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How To Suck At Information Security 198

wiedzmin writes "Great entry in today's SANS Internet Storm Center Handler's Diary — How to suck at Information Security. Some of my favorite points include: 'Assume the users will read the security policy because you've asked them to. Assume that policies don't apply to executives. Make someone responsible for managing risk, but don't give the person any power to make decisions. Expect end-users to forgo convenience in place of security. Hire somebody just because he or she has a lot of certifications. Expect your users to remember passwords without writing them down.' Very entertaining and informative read with total of about 4 dozen points. Now if I could only find a way to get management to read it." There's also a one-page PDF on the author's site.
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How To Suck At Information Security

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  • by NotPeteMcCabe ( 833508 ) on Saturday January 17, 2009 @03:24PM (#26499153)
    "Now if I could only find a way to get management to read it."

    I'm sure if you ask them to, they will.
    • by syousef ( 465911 ) on Saturday January 17, 2009 @03:52PM (#26499397) Journal

      I'm sure if you ask them to, they will.

      I'm getting a mental image of a boardroom full of executives forced to read the policy out loud at gunpoint by a sysadmin that's gone postal and insists no one will get hurt if they just read the whole thing.

      • by Cally ( 10873 ) on Saturday January 17, 2009 @06:56PM (#26501003) Homepage
        Ladies and gentlemen of the board, as you know this mighty corporation is under constant attacks by Dr Evil, SMERSH, the KGB and the Illuminati. I am now at liberty to reveal to you that we have been contacted by the Secret Service, sworn to secrecy, and issued with specially secured, James Bond laptops. Now there's only a few of these super-elite systems to go around, and only the most important people can be allowed the privilege of one of the Super Secure Laptops. So, I'll leave the room now, and you can draw lots to see which of you will have to put up with one of the standard, normal, Windows-based laptops... and who merits inclusion on the Hyper Secure System Program, and gets a 007 laptop.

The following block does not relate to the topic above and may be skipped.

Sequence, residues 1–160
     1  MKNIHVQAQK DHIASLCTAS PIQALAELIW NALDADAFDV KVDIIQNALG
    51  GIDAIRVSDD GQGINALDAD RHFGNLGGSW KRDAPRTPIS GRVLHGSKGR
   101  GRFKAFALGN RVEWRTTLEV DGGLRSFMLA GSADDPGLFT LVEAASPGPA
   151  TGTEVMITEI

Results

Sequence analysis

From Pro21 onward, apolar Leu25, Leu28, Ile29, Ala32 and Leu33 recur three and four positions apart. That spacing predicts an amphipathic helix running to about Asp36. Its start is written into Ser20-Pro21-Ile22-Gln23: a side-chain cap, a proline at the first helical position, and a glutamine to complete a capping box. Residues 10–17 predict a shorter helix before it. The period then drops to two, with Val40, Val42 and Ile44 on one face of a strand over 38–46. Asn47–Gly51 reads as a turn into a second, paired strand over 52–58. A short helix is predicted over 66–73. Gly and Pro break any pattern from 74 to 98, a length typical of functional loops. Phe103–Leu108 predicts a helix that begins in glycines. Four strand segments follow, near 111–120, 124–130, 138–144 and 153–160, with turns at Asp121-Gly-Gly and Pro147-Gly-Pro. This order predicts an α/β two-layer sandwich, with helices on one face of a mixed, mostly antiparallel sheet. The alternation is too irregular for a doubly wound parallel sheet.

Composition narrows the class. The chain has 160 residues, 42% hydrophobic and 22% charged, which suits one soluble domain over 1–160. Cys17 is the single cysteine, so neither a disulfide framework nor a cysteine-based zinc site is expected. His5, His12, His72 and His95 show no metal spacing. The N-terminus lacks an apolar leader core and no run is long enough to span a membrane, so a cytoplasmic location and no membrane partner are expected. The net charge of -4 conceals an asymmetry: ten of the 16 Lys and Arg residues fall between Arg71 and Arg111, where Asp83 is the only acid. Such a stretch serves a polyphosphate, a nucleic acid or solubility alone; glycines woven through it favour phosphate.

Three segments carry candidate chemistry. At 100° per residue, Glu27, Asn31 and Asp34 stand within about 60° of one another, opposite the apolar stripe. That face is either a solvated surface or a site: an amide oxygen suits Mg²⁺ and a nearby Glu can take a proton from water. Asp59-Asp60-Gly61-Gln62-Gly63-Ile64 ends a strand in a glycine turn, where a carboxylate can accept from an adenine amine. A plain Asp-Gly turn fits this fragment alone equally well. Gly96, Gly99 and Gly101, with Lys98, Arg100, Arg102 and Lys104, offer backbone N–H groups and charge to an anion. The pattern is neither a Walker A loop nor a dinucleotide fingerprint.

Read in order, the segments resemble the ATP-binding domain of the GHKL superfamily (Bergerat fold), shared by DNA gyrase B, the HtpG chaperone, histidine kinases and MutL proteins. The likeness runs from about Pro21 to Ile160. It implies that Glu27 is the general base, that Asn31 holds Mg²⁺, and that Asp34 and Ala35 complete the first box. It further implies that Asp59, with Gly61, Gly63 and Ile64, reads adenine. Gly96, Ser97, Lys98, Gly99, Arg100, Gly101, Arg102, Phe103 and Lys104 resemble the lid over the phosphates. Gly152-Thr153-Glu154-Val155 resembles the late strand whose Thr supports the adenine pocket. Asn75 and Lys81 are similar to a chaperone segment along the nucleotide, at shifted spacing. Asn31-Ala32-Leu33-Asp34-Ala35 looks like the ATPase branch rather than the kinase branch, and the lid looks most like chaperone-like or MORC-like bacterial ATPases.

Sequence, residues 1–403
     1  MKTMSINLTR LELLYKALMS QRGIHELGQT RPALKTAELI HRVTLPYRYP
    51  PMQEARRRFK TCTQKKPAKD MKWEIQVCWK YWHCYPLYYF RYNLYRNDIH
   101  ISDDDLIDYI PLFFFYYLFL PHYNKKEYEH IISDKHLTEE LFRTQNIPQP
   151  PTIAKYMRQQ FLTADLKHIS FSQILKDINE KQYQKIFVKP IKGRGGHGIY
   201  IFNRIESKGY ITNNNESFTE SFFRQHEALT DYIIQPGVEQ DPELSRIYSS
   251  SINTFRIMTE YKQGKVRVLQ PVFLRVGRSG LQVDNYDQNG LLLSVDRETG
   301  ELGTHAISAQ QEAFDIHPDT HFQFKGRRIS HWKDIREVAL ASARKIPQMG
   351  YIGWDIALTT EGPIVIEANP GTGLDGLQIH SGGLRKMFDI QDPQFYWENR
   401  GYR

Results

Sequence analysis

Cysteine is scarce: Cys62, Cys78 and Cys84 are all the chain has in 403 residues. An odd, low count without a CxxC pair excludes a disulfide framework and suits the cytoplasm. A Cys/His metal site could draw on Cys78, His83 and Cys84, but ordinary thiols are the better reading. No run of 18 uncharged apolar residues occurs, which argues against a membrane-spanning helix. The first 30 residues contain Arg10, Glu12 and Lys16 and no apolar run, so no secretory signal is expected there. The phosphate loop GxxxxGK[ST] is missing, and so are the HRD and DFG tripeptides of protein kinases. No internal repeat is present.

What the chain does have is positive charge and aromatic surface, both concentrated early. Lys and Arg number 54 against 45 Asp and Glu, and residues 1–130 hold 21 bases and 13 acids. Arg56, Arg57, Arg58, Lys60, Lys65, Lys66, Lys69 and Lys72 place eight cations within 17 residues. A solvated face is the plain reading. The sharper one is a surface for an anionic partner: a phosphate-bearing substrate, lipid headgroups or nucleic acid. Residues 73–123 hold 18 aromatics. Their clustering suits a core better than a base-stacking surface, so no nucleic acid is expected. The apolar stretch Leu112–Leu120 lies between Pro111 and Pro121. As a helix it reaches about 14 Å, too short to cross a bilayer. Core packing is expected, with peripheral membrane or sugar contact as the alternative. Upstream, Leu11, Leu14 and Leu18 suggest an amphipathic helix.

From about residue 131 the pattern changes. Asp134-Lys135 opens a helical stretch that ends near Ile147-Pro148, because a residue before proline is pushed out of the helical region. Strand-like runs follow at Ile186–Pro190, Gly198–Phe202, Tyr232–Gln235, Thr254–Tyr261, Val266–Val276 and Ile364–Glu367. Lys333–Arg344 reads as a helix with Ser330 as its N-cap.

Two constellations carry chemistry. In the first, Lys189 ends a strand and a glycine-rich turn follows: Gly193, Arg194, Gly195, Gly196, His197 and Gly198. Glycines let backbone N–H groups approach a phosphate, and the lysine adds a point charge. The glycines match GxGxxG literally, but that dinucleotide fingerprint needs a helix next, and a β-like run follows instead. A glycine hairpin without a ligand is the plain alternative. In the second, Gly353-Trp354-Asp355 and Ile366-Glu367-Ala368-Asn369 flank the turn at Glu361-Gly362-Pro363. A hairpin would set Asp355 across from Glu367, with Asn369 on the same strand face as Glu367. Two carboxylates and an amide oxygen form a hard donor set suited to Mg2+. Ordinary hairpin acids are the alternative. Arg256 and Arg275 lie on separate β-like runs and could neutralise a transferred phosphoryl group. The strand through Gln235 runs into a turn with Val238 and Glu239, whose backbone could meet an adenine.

• by an.echte.trilingue ( 1063180 ) on Saturday January 17, 2009 @04:20PM (#26499645) Homepage
      The management is everything.

      I currently do the IT for a small business to pay the bills while I am in grad school. The hardest thing for me has been to get the owner on board with a sane security policy. When I walked in the door, the business used the same username and password for all 22 of the desktops, the one email account (that everybody shared!), the web server, the online bank account, everything. I was able to get all the employees on board with my security plans mostly because I explained what I wanted to do and why, and what it would do for the company... and they were happy to be getting separate email accounts.

      Then there is the boss. I explained my reasons for wanting a better security policy when I came on board. We sat down together and discussed different options, and he always gave me his approval. I thought everything was gravy, but I seriously overestimated his give-a-shit factor.

      For obvious reasons, he wants to have administrator access to all of our systems (we are small enough that that is reasonable). At one point our info@ account started spewing spam and got our IP blacklisted for a couple of days. The reason? the boss had changed the stmp password to 4. He regularly demands that his employees give him their email passwords and proceeds to send email in their names. In general he is just a walking nightmare.

      Of course, before long the other employees began picking up on his nonchalance, and they stopped bothering with security, too. Basically, due to his behavior, the architecture that should have given them a reasonable amount of professional privacy and accountability/deniability totally failed. I think this is really key: users are in general not stupid. Generally they are smart enough to understand the "why" behind security and follow through on it. You have to have systems in place to catch the bad apples, but that is about it. However, one stupid manager can ruin everything.

      I wouldn't care either, except that I have to clean up the messes this situation makes. This job is ultimately important for my resume (first post military employment), and I don't want to make the news for record data loss.

      God, I can't wait till I graduate.
      • by Creepy Crawler ( 680178 ) on Saturday January 17, 2009 @06:22PM (#26500653)

        Too true. I've seen similar to what you say. However, in my education, it is not been book driven and learned in a scholastic setting. In fact, I have no degree to speak of.